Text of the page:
Renowned scientist Stephen Wolfram will present his recent work on his Project to Find the Fundamental Theory of Physics as the first keynote speaker in our new Science beyond the Horizon series.
|Date||10 November 2020|
Finally We May Have a Path to the Fundamental Theory of Physics... and It’s BeautifulStephen Wolfram
In many ways it’s the ultimate question in natural science: How does our universe work? Is there a fundamental theory? An incredible amount has been figured out about physics over the past few hundred years. But even with everything that’s been done—and it’s very impressive—we still, after all this time, don’t have a truly fundamental theory of physics.
The Wolfram Physics Project is a bold effort to find the fundamental theory of physics. It combines new ideas with the latest research in physics, mathematics and computation in the push to achieve this ultimate goal of science.
Stephen Wolfram was educated at Eton, Oxford, and Caltech, receiving his Ph.D. in theoretical physics in 1979 at the age of 20. His early work in physics and computer science was recognized by a MacArthur award in 1981. In the early 1980s he made a series of now-classic discoveries about systems known as cellular automata, leading to numerous applications in physics, mathematics, computer science, biology, and other fields. In 1986 he founded Wolfram Research, Inc. and began the creation of Mathematica---now the world's leading software system for technical computing and symbolic programming. Over the past decade Wolfram has divided his time between leadership of his company and pursuit of basic science. The results of Wolfram's fifteen years of work were presented for the first time in his book, A New Kind of Science (May 2002). An instant bestseller, A New Kind of Science constituted international science news and quickly emerged as one of the most-discussed science books in decades.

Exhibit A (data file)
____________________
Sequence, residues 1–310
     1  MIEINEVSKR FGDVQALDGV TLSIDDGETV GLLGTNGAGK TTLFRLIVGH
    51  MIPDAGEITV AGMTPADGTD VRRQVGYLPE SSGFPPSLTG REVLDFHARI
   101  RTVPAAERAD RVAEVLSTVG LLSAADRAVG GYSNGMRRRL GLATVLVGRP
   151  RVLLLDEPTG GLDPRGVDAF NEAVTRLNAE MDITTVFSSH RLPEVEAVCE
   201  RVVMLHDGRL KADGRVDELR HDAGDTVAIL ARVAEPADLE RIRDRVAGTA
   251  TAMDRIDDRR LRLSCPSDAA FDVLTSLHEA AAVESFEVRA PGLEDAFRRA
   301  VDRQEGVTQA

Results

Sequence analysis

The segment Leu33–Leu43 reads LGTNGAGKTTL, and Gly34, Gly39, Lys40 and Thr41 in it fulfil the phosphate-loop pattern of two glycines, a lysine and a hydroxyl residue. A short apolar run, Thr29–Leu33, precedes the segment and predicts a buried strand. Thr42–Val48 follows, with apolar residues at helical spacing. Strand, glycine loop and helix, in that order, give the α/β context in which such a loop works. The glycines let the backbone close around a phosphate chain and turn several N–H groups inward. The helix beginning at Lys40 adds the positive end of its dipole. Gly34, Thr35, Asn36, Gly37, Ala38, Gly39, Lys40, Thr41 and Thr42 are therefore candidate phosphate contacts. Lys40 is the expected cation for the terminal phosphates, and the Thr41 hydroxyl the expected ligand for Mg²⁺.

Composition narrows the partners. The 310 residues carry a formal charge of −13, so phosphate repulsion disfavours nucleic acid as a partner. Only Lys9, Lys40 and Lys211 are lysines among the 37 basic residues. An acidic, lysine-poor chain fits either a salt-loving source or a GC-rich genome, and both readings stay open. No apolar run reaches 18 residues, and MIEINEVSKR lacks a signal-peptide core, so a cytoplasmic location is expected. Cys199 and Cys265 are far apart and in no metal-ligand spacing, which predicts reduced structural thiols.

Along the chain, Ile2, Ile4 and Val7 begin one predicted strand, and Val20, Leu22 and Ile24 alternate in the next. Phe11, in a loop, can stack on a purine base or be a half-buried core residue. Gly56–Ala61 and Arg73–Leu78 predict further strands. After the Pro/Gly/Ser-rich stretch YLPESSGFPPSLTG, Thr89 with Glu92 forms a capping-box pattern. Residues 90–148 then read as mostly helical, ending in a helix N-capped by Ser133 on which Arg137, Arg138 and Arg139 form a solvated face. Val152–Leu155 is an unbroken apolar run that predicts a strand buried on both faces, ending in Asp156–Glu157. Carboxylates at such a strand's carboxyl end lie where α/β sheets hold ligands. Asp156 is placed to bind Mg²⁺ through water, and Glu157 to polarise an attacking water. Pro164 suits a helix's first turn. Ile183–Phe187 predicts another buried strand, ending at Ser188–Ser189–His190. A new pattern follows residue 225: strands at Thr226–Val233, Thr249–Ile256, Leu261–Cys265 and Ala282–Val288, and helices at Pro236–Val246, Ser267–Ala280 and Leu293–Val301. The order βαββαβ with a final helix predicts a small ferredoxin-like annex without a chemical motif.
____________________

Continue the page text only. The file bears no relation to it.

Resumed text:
|20:00-20:02||Word of welcome by IAS Scientific Director Peter Sloot|
|20:02-20:10||Introducing the speaker and the topic by Sander Bais|
|20:10-21:00||Keynote lecture by Stephen Wolfram|